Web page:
Rasmussen, West Win 92nd Lile Moot Court Competition
In addition, Khetarpal won the Stephen Pierre Traynor Award for best oralist. All four finalists received the James M. Shoemaker Jr. Moot Court Award.
Presiding over the competition were Megan Barbero, deputy general counsel of the U.S. House of Representatives; Chief Judge Louis A. Bledsoe III of the North Carolina Business Court; and Judge Jerome A. Holmes of the Tenth U.S. Circuit Court of Appeals.
This year’s scenario involved search and seizure. The problem asked whether police may enter homes without a warrant and use what is found for criminal charges when the entry is based on concern about the well-being of a resident. It also asked whether the silence of a defendant before police give the “right to remain silent” Miranda warning can be presented as evidence of guilt.
Held annually, the competition starts with a field of about 50 individual competitors, who write briefs and argue student-written problems in a mock federal or state appeal. Students form two-person teams upon advancing to the quarterfinal round. This year’s final round, which normally takes place in the fall, was delayed until the spring due to the pandemic.
In preparation for the final round, Rasmussen and West’s friends volunteered to be judges in Zoom practice arguments and offer feedback. West said the moots were also a way to catch up with classmates they haven’t seen as much during the pandemic.
“A real highlight of Lile was the opportunity to see so many impressive teams in action,” he said. “Throughout the competition, we learned a great deal from their advocacy.”
Rasmussen and West became friends as UVA undergraduates in 2015 and were section mates at the Law School. “It was a natural fit,” Rasmussen said.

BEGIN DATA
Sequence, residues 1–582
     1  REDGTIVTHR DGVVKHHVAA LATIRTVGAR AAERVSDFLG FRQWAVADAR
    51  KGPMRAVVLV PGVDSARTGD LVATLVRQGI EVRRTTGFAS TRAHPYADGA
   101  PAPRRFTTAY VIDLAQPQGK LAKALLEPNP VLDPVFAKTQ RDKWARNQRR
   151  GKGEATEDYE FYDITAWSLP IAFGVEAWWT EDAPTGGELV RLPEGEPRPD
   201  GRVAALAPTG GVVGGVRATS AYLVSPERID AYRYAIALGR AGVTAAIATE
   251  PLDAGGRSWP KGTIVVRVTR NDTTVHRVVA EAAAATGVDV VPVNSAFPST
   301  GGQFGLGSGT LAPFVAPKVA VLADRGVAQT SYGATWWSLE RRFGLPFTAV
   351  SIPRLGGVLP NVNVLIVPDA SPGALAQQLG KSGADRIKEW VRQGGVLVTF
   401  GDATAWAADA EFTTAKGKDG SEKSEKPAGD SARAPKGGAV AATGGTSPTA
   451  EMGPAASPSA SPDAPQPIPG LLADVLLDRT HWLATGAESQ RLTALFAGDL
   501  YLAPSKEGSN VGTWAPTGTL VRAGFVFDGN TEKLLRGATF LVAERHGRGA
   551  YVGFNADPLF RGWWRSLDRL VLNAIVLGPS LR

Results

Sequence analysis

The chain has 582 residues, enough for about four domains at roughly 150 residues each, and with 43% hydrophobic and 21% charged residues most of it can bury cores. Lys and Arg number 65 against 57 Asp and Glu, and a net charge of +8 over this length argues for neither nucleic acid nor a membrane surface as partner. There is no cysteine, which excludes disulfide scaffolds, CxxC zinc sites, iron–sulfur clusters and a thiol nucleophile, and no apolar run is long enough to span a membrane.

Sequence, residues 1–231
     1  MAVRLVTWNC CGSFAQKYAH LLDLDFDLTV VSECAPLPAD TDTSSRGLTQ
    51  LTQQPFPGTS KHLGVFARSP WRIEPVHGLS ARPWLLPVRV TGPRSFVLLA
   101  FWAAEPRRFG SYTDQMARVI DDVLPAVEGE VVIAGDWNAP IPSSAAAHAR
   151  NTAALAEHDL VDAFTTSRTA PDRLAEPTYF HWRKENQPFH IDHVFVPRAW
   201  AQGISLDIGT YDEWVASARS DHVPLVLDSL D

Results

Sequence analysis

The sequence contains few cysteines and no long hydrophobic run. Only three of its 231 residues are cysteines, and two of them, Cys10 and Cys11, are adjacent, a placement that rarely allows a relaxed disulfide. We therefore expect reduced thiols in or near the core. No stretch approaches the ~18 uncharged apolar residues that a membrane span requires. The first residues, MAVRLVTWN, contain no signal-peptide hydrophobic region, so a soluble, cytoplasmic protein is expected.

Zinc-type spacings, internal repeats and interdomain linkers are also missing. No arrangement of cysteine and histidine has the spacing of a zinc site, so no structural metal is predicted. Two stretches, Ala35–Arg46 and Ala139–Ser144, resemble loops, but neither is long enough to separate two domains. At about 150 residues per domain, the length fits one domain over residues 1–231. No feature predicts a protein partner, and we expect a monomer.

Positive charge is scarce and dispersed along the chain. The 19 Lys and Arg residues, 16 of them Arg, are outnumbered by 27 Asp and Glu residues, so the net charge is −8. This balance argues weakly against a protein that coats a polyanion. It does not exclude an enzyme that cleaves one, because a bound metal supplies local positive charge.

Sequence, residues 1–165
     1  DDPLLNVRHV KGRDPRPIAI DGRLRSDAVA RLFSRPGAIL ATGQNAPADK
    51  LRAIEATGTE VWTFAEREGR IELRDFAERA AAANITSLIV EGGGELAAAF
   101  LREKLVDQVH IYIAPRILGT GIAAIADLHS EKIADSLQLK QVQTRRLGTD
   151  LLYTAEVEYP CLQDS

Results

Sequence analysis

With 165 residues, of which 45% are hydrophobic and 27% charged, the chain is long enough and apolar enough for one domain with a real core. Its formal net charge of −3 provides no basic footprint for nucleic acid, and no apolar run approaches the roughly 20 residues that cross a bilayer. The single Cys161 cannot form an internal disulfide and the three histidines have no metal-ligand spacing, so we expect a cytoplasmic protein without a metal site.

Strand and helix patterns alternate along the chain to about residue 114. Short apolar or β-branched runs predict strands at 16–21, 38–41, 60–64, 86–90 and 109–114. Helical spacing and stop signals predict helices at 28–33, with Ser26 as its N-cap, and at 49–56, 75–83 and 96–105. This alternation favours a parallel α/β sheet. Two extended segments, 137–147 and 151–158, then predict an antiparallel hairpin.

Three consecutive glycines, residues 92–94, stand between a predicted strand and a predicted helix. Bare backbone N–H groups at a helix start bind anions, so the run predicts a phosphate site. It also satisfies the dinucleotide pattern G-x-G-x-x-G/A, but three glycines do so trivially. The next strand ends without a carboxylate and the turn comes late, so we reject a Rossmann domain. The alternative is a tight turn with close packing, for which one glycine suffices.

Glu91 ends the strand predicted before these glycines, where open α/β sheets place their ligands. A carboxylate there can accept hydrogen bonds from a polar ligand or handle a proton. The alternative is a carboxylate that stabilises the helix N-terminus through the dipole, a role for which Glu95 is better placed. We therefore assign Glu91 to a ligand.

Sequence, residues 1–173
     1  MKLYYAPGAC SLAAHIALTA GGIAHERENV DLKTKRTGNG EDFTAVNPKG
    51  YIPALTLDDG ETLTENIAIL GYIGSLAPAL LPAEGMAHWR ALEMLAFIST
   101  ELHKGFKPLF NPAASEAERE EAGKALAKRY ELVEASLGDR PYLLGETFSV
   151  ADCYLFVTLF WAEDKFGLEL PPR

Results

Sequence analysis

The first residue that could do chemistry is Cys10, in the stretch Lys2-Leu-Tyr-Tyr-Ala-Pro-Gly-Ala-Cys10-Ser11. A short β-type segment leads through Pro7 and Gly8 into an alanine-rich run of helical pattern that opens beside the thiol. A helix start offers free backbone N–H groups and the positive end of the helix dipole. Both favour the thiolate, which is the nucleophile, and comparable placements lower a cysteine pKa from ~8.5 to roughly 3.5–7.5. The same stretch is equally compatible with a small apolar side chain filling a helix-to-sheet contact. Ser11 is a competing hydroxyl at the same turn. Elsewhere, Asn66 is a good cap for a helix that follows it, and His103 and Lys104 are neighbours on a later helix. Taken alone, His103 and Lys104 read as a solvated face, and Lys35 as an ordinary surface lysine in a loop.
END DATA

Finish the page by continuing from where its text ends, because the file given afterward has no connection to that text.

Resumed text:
West said their keys to success included dedicating a lot of time to writing and fine-tuning their brief, which helped build confidence during oral arguments. They tried to enjoy the process as much as possible, he added, such as meeting over coffee in more relaxed settings to discuss the issues.
“We put in a lot of work, but we also had fun with it,” Rasmussen said. “Matt and I tried not to put too much pressure on ourselves and to instead just enjoy talking over interesting legal issues with each other, our brilliant peers and co-competitors, and the judges.”
After graduation, Rasmussen will clerk for Judge J. Harvie Wilkinson III ’72 of the Fourth U.S. Circuit Court of Appeals for the 2021 term, Judge Dabney L. Friedrich of the U.S. District Court for the District of Columbia for the 2022 term, and U.S. Supreme Court Justice Brett Kavanaugh for the 2023 term.
West will work for Covington & Burling in Washington, D.C., and then clerk for Chief Judge Roger Gregory of the Fourth Circuit.
In addition to the Lile Moot Court Competition, UVA Law students also compete in other appellate moot court and trial advocacy competitions nationwide.
Founded in 1819, the University of Virginia School of Law is the second-oldest continuously operating law school in the nation. Consistently ranked among the top law schools, Virginia is a world-renowned training ground for distinguished lawyers and public servants, instilling in them a commitment to leadership, integrity and community service.